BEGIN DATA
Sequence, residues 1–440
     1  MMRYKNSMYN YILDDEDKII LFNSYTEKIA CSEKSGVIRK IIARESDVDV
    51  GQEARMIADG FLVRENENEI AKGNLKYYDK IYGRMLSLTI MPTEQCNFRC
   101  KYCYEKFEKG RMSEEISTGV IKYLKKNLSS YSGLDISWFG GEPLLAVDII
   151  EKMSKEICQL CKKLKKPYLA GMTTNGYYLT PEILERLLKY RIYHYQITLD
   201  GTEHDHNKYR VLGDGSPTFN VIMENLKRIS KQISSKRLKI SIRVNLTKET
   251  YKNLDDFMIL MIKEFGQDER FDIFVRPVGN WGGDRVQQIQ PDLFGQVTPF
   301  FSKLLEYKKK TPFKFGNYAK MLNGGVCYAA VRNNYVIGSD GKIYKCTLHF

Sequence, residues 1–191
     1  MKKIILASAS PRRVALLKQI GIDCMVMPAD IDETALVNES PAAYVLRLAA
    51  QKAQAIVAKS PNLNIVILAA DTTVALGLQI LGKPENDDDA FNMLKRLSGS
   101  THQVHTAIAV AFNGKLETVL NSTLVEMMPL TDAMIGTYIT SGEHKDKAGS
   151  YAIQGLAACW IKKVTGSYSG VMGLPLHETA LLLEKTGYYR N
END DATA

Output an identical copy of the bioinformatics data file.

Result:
Sequence, residues 1–440
     1  MMRYKNSMYN YILDDEDKII LFNSYTEKIA CSEKSGVIRK IIARESDVDV
    51  GQEARMIADG FLVRENENEI AKGNLKYYDK IYGRMLSLTI MPTEQCNFRC
   101  KYCYEKFEKG RMSEEISTGV IKYLKKNLSS YSGLDISWFG GEPLLAVDII
   151  EKMSKEICQL CKKLKKPYLA GMTTNGYYLT PEILERLLKY RIYHYQITLD
   201  GTEHDHNKYR VLGDGSPTFN VIMENLKRIS KQISSKRLKI SIRVNLTKET
   251  YKNLDDFMIL MIKEFGQDER FDIFVRPVGN WGGDRVQQIQ PDLFGQVTPF
   301  FSKLLEYKKK TPFKFGNYAK MLNGGVCYAA VRNNYVIGSD GKIYKCTLHF

Sequence, residues 1–191
     1  MKKIILASAS PRRVALLKQI GIDCMVMPAD IDETALVNES PAAYVLRLAA
    51  QKAQAIVAKS PNLNIVILAA DTTVALGLQI LGKPENDDDA FNMLKRLSGS
   101  THQVHTAIAV AFNGKLETVL NSTLVEMMPL TDAMIGTYIT SGEHKDKAGS
   151  YAIQGLAACW IKKVTGSYSG VMGLPLHETA LLLEKTGYYR N